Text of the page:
Ice Cube is influential. He knows it. He is fully aware of his music’s effect. Remember 1988, when N.W.A.’s “Fuck the Police” incited panic attacks among non-listeners everywhere? As one of the founding fathers of gangsta rap, Ice Cube embraces the power of his rhymes and isn’t afraid to use them to spread his gospel. After all, according to “It Takes a Nation,” he’s been rapping for 22 summers and knows the influence his music has. So, cover your kids’ ears, because he objectifies women and advocates violence, right? Actually, no. Scratch the surface of Raw Footage and a clear message emerges: don’t be what people expect you to be.
Exemplifying this attitude is the first single, “Gangsta Rap Made Me Do It,” which is a scathing, ironic rejoinder to all those who blame the genre for school violence, the Iraq war, drug problems, global warming, and whatever else seems to be the hot-button topic these days. The track is catchy and the lyrics are thought-provoking, often citing recent political or social controversies: “If I call you a nappy-headed ho, ain’t nothing to it – gangsta rap made me do it.” The music video (available uncensored on Ice Cube’s official website) would make Michael Moore proud: Ice Cube’s rapping is interspersed with footage of O.J. Simpson, the Bushes Jr. and Sr., victims of Hurricane Katrina and its aftermath, Dylan Klebold and Eric Harris, and dozens of other incendiary clips that seem to pop up at the most appropriate moment in the lyrics.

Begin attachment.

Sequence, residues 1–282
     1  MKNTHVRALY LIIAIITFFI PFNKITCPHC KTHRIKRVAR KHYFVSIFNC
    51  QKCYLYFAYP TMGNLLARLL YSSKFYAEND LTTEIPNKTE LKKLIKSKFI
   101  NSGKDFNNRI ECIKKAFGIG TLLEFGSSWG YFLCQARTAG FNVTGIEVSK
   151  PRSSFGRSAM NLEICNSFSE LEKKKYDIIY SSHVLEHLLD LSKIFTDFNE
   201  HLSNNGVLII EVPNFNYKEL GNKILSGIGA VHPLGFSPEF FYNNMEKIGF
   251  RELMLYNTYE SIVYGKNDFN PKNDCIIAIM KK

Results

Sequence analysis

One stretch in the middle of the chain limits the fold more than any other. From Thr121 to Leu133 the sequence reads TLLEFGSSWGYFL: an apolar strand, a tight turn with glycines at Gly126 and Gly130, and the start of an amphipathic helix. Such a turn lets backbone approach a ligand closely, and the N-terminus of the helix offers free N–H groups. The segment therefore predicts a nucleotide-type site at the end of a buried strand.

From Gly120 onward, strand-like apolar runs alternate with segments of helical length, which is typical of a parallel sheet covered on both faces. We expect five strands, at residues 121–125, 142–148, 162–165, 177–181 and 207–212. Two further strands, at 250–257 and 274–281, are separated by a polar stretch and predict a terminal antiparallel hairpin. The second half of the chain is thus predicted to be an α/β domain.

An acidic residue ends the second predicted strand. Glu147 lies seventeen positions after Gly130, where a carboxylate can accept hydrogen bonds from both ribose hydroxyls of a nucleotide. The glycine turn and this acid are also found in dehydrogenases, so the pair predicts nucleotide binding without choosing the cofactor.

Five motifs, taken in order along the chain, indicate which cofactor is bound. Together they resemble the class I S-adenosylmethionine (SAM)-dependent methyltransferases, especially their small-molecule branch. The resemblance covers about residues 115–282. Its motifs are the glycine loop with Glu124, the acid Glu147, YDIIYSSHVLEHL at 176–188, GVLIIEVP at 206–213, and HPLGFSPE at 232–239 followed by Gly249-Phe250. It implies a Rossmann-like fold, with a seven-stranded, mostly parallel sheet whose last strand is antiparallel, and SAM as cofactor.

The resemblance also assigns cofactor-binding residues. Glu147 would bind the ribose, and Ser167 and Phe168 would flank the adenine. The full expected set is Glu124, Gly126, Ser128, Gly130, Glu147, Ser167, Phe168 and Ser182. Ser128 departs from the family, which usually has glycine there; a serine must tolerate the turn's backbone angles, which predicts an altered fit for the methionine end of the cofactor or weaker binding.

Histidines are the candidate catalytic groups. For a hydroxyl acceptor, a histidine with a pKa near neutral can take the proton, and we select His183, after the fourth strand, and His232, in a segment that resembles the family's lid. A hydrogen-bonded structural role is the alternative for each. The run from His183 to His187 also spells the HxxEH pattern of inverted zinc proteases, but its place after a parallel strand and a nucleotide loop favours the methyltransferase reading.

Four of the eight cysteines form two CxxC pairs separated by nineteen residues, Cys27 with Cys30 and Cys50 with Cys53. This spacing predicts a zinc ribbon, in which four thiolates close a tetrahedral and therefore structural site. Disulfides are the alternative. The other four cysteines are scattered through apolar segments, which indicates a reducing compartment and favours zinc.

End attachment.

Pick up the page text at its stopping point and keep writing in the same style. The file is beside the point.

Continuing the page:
Other tracks, such as “It Takes a Nation,” “Hood Mentality,” and “Stand Tall” are more straightforward but no less provocative. Ice Cube warns his listeners not to fall victims to the system, not to rely on No Child Left Behind for an education, and to break away from low expectations set by outsiders. The lurching beats and Ice Cube’s fiery delivery in “It Takes a Nation” beg to be played at top volume, while the ’70s-style synth brass and Hammond organ underscoring “Stand Tall” are eloquently juxtaposed against a very 21st century message. While not as politically charged as some other tracks, “Here He Come” (featuring Doughboy) and “I Got My Locs On” (featuring Young Jeezy) are crisply engineered. “Thank God” and “Get Use To It” (featuring W.C. and The Game) will still blow the roof off clubs with their catchy choruses and pumping beats.
In case listeners aren’t prepared to listen to Raw Footage actively, Ice Cube enlists Keith David to deliver spoken soliloquies throughout the album. David, of Ken Burns’ documentary fame, has a voice as distinctive as it is attention-grabbing, and his frequent interludes will snap wandering ears back to attention. Of course, Ice Cube could certainly keep listeners enthralled all by himself, but in delivering a message as sharp and contemporary as he does in this album, it can’t hurt to call in some backup.
The album is as richly textured as it is contemporary in its message. After gangsta rap and its followers have incited and been blamed for inciting so many reactions and so much negativity in the last twenty years, it is refreshing to hear one of its high-ranking members respond. In Raw Footage, Ice Cube bites back. And it feels so good.
Posted by Amanda Sewell